Photon counting detectors are interesting candidates for next-generation clinical computed tomography scanners, promising improved contrast-to-noise ratio, spatial resolution and energy information compared to conventional energy-integrating detectors. Most attention is focused on cadmium telluride (CdTe) (or CZT) detectors, but silicon (Si) has been proposed as an alternative. We present detector simulation models fitted to published spectral response data for CdTe and Si, and use linear-systems theory to evaluate the spatial-frequency dependent DQE for lesion quantification and detection.
Our fitted spectral response is consistent with Gaussian charge clouds with σ = 20.5 µm independent of energy for CdTe, and σ = 17 µm at 60 keV with an energy dependence of E0.54 for Si. For a silicon strip detector with 0.5 × 0.5 mm2 pixels separated by a 1D grid of 20 µm tungsten foils, the zero-frequency DQE for iodine detection is 0.43 for 30 mm detector absorption length and 0.46 for 60 mm detector absorption length.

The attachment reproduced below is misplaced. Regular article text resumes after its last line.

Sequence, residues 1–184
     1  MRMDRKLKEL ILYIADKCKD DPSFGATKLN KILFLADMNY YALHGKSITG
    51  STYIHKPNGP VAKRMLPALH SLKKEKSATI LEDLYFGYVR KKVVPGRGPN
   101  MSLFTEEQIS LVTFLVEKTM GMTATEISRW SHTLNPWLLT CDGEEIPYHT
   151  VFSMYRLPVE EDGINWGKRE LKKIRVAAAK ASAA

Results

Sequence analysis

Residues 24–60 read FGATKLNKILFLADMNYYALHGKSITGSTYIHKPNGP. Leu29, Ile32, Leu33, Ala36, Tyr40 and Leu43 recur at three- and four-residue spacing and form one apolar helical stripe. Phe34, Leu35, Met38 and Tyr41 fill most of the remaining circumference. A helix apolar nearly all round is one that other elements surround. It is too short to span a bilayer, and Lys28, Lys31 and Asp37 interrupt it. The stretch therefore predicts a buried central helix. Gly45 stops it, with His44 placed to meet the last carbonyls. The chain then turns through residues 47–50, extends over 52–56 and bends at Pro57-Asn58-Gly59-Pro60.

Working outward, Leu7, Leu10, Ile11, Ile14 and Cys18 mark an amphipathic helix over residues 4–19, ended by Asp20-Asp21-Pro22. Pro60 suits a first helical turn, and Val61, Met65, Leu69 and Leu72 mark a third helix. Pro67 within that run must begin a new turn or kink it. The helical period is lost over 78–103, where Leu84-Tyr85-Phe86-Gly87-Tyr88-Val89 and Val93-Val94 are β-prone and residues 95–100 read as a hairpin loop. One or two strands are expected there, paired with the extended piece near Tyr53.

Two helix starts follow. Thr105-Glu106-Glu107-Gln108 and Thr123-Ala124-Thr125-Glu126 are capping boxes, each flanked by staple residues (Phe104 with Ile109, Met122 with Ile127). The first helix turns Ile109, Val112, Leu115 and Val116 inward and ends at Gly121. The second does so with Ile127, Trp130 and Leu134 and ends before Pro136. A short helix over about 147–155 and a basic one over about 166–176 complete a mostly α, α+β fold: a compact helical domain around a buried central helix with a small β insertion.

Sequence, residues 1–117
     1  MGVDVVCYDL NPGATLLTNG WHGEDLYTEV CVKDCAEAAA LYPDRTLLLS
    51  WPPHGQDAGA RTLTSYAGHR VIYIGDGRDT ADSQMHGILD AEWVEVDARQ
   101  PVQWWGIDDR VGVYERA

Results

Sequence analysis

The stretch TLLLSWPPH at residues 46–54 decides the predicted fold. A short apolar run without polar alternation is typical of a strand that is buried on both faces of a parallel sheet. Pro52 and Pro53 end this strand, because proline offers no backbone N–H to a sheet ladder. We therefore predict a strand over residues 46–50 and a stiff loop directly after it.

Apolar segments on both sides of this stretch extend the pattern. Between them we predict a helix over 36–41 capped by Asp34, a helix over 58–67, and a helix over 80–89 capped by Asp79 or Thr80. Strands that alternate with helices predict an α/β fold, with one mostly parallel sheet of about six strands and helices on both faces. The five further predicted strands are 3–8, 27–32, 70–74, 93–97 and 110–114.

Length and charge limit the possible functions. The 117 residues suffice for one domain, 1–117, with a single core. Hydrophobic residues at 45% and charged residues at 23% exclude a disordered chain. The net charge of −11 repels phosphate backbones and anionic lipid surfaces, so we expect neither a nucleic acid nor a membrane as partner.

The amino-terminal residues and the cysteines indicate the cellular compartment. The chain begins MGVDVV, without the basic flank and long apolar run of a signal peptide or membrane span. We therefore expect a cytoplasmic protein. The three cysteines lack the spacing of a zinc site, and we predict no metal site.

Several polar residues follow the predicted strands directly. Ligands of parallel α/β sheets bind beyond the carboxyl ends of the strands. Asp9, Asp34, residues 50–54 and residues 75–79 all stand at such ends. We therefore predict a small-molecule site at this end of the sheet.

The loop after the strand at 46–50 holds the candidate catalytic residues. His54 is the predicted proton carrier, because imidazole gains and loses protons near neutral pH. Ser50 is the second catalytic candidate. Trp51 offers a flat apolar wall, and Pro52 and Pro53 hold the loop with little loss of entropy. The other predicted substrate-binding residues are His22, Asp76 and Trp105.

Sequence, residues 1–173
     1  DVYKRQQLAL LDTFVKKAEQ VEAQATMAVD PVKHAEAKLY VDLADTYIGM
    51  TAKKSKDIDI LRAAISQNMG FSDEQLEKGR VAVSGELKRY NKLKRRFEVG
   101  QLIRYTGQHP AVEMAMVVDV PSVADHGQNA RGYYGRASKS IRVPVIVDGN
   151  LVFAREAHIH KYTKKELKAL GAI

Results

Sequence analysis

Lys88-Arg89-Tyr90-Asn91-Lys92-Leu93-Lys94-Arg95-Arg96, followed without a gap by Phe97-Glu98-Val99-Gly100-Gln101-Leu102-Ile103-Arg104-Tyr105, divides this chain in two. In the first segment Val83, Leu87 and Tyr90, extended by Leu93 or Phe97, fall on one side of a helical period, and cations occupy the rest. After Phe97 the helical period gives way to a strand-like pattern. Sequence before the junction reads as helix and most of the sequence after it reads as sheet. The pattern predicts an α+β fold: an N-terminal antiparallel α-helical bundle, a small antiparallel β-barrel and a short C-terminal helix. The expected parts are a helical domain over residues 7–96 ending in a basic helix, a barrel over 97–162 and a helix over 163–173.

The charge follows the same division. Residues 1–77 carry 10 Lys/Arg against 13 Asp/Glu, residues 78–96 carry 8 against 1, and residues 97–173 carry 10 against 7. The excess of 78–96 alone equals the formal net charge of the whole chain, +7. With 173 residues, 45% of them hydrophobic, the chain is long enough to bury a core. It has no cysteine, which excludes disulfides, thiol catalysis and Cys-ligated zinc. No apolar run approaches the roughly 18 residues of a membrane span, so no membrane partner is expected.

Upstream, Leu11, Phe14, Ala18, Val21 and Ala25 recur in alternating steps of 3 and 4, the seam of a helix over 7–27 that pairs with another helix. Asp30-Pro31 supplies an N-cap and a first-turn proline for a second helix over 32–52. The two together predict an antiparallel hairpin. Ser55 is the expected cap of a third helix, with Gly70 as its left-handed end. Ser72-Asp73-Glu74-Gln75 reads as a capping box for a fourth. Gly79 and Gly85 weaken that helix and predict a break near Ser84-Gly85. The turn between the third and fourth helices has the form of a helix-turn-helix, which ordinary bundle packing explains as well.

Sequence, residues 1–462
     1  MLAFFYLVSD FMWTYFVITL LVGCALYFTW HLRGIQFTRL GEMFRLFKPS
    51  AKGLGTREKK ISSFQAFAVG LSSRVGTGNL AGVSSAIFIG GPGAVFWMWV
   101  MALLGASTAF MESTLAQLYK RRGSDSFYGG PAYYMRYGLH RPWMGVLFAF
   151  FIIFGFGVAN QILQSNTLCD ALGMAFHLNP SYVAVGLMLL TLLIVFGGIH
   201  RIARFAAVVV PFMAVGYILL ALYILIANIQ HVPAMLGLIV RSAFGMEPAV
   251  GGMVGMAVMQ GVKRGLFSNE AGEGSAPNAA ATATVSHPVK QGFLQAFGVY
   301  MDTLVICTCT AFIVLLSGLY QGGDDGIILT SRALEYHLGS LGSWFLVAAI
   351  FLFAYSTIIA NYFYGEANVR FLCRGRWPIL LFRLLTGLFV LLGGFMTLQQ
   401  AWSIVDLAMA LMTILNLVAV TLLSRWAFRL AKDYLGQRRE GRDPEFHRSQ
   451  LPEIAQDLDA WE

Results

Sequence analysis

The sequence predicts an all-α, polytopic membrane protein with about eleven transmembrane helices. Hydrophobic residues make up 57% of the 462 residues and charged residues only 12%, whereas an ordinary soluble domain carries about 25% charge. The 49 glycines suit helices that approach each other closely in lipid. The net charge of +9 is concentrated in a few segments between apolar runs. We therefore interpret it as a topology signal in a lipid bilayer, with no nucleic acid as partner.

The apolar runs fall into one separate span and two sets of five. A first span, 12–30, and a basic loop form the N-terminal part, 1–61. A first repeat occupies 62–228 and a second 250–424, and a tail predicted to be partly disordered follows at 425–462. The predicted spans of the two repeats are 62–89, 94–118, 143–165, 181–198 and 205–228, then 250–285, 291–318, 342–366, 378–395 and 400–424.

For iodine quantification in a water-iodine decomposition, the DQE is 0.26 for 30 mm and 0.27 for 60 mm Si. Compared to this detector, the DQE of a 1.6 mm thick CdTe detector with 0.225 mm pixels and two energy bins is 11-36 % higher for water and iodine detection but 28-51 % lower for material quantification. The predicted performance of Si is competitive with CdTe, suggesting that further consideration is warranted.